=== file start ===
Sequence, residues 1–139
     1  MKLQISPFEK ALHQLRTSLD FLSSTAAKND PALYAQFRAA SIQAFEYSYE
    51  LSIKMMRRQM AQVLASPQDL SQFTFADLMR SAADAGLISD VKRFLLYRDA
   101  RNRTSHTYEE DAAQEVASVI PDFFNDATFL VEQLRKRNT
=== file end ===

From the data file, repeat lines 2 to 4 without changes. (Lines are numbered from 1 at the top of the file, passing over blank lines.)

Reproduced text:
     1  MKLQISPFEK ALHQLRTSLD FLSSTAAKND PALYAQFRAA SIQAFEYSYE
    51  LSIKMMRRQM AQVLASPQDL SQFTFADLMR SAADAGLISD VKRFLLYRDA
   101  RNRTSHTYEE DAAQEVASVI PDFFNDATFL VEQLRKRNT